Matthew Dickman

Amigos

When money will have nothing to do with me,
when the only voice I hear is my own
and all my books are having a great laugh at my expense—
especially Lowell
who doesn’t think I’m a man at all—
I go to the café and sit among my amigos.
The woman whose left arm has blossomed into skulls and roses is my sister.
The man in the business suit, wrapped like a muzzle around his body,
is talking on the phone with a client. The client is my brother.
The man is my confidant.
At any moment California will fall into the Pacific
and this congregation of ours will rise up
and walk across the Barnes & Noble parking lot
toward those great breaking waves.
We will be together
in car accidents, train wrecks,
in a hot bath clouding up with our own blood
while the men and women we love read quietly in the other room,
in emergency landings,
with twelve year olds carrying their fathers’ pistols to class,
we will look and see each other.
There are days I feel as though someone has written my name on a stone
and thrown it over the side of a cliff.
Sometimes I pour milk into my coffee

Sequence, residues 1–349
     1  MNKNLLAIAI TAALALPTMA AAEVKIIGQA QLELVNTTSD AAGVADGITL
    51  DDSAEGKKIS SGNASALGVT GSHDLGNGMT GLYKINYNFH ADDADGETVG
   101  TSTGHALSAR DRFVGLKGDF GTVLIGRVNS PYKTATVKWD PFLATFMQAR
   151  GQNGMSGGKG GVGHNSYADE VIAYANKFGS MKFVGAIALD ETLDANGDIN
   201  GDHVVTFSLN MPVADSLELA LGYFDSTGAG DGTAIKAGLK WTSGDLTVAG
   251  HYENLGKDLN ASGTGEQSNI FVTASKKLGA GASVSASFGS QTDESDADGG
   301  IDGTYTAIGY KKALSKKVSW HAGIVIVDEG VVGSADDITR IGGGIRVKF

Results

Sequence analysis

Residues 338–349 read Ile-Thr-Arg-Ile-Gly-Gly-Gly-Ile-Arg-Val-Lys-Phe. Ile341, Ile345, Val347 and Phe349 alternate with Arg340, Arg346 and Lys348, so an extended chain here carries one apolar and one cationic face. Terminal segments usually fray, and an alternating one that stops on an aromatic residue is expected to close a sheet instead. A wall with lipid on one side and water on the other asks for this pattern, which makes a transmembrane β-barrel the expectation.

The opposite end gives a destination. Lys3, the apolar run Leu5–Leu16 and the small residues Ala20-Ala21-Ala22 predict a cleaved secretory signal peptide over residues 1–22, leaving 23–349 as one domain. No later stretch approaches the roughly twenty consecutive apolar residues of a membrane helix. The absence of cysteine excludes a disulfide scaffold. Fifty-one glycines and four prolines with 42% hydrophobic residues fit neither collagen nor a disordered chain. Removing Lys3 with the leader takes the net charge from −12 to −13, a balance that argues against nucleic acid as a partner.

and I look at the paper and know
what has pulled me from bed;
it has hidden in every part of my body,
waited for me in hotels like a pillow mint,
filled my ears with music,
rubbed against me at parties,
it’s been an infant and it’s been an e-mail.
We bomb a mosque. They mutilate a body.
When a man from Indiana keeps the fingernails of the waitresses he kills,
and on the facing page balloons float softly around the words
g r a n d o p e n i n g,
I feel like a dog that is sniffing the ass of another dog,
who in turn wishes that she was tied back up in the yard.
I want to be with everyone here,
with their lattes and mochas,
while the water rises
and the top of the Golden Gate bridge is blinking in the surf,
when the aliens land and eat us,
as soldiers from another country drag us by the hair
from our yards,
while the valley is flooded and all its talk about vastness and god has drowned,
I want to know their names, mis amigos,
their hands reaching out toward mine,
when the flights are rerouted
away from our loved ones, lets all lift a glass or a child into the air,
open-mouthed
as we watch the final cruelty performed simultaneously
with the last kindness.